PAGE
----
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On Mon, Nov 26, 2018 at 4:41 PM Dibyendu Majumdar
<> wrote:
> On Mon, 26 Nov 2018 at 22:22, Coda Highland <> wrote:
> >
> > On Mon, Nov 26, 2018 at 1:33 PM Dibyendu Majumdar
> > <> wrote:
> > > I think it would be nice to have two VMs built-in - a full featured
> > > one and a cut-down one, with user being able to choose the one they
> > > want to use. But it is harder to switch between dual number type to a
> > > single number type.
> >
> > Have you considered doing the work at a different level? One common
> > bytecode format, one common VM, two parsers? Or possibly even a
> > source-to-source transpiler that compiles full-Lua down to mini-Lua?
> >
> Hi, that would not solve the problem as the problem I am trying to
> solve is to have simpler code to execute with less unpredictable
> branches. A common VM would have to handle the worst case. However
> what I could do is fall back to the full featured VM when a type check
> fails. This would cause a small performance hit for Lua code that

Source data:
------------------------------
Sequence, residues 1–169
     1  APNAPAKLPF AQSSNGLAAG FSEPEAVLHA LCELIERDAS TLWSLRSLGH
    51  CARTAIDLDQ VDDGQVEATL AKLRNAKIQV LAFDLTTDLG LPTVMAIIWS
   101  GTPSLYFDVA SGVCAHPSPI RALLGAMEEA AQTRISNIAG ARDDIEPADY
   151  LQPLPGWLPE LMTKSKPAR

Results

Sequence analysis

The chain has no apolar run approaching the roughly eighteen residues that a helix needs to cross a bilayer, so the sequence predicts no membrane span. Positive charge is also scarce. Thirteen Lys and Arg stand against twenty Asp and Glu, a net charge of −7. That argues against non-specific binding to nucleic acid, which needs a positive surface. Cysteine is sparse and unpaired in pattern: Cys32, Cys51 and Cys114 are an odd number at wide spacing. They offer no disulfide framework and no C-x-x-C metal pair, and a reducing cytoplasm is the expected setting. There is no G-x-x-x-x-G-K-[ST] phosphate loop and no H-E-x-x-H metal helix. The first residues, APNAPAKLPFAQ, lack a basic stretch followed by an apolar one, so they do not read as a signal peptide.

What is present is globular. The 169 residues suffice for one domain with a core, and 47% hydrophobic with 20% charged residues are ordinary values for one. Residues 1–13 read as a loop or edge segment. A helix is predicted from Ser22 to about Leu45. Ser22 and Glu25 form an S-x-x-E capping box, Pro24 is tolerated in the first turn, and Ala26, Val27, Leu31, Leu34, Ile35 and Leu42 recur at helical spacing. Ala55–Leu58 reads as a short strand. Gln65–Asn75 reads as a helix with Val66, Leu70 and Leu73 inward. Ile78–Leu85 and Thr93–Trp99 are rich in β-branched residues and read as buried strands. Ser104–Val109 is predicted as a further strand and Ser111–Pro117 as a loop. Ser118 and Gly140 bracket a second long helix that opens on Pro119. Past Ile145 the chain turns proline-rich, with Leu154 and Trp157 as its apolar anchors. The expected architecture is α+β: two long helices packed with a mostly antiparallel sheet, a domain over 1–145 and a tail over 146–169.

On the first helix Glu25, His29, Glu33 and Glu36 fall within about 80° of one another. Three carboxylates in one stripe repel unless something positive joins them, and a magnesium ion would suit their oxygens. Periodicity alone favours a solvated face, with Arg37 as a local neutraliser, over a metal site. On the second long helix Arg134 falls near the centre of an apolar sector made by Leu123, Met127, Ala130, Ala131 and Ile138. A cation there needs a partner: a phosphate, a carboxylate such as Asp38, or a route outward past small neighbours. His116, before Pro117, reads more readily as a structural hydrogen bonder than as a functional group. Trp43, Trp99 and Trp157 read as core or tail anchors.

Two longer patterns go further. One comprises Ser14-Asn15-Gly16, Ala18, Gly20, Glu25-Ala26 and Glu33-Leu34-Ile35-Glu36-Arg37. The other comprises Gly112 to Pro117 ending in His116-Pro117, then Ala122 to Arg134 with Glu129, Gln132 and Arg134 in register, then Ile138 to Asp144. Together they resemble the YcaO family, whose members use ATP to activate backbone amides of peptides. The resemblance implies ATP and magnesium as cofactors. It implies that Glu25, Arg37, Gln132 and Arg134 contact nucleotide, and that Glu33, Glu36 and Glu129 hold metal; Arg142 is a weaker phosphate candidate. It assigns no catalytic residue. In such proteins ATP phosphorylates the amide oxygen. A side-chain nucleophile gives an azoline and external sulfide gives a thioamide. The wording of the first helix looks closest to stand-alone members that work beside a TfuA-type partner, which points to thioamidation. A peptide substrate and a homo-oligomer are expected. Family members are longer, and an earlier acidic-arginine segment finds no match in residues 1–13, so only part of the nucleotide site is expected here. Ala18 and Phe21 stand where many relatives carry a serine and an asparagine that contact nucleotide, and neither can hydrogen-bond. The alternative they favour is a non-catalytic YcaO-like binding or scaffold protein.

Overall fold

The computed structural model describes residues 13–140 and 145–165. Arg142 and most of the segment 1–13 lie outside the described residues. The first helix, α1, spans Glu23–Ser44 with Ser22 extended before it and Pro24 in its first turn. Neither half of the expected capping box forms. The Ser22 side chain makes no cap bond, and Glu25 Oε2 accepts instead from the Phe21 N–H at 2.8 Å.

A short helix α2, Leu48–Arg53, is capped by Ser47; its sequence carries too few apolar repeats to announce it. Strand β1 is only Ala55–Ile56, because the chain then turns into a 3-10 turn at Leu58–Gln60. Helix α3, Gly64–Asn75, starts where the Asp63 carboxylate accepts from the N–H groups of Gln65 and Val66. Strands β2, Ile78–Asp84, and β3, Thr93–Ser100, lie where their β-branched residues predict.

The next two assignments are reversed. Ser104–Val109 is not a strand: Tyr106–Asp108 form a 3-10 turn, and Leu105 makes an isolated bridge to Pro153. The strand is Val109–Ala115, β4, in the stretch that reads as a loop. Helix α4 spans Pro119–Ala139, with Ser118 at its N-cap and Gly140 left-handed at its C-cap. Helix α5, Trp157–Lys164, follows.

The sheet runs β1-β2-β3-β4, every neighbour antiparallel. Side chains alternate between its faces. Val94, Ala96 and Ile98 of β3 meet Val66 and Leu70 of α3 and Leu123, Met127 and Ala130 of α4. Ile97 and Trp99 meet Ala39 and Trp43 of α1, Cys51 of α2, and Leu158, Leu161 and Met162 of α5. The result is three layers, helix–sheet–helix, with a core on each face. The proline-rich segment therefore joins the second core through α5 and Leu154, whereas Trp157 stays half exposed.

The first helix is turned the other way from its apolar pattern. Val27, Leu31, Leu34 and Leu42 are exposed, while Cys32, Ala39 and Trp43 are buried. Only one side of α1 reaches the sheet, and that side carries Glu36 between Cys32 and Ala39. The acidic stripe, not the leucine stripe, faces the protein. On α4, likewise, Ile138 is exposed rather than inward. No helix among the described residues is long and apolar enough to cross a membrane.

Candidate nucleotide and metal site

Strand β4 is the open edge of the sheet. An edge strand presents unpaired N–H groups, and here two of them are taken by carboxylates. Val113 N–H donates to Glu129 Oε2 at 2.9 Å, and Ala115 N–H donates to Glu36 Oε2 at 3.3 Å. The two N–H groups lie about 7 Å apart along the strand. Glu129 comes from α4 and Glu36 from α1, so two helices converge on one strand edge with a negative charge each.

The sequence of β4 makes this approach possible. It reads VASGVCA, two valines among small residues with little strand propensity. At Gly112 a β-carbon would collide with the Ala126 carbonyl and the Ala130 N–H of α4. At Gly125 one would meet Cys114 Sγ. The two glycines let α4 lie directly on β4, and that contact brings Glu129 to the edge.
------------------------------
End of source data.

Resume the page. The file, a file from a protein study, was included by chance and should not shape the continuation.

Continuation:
> relies upon the bigger feature set, but in theory this cost can be
> minimized by black listing the function so that next time it goes
> immediately to the fallback VM.

That's consistent with the polymorphic variation I was describing.

LuaJIT tries to be a little bit more forgiving about it. If it fails
the type check, it goes ahead and JITs it again with the new types. If
it fails AGAIN (I don't know exactly how many possible variations it
allows), it gives up and assumes it's a megamorphic function and just
always sends it through the slow-and-steady route.

Assuming your two VMs are still able to operate on the same in-memory
data structures so execution can freely switch between them, this
isn't an unreasonable idea at all.

/s/ Adam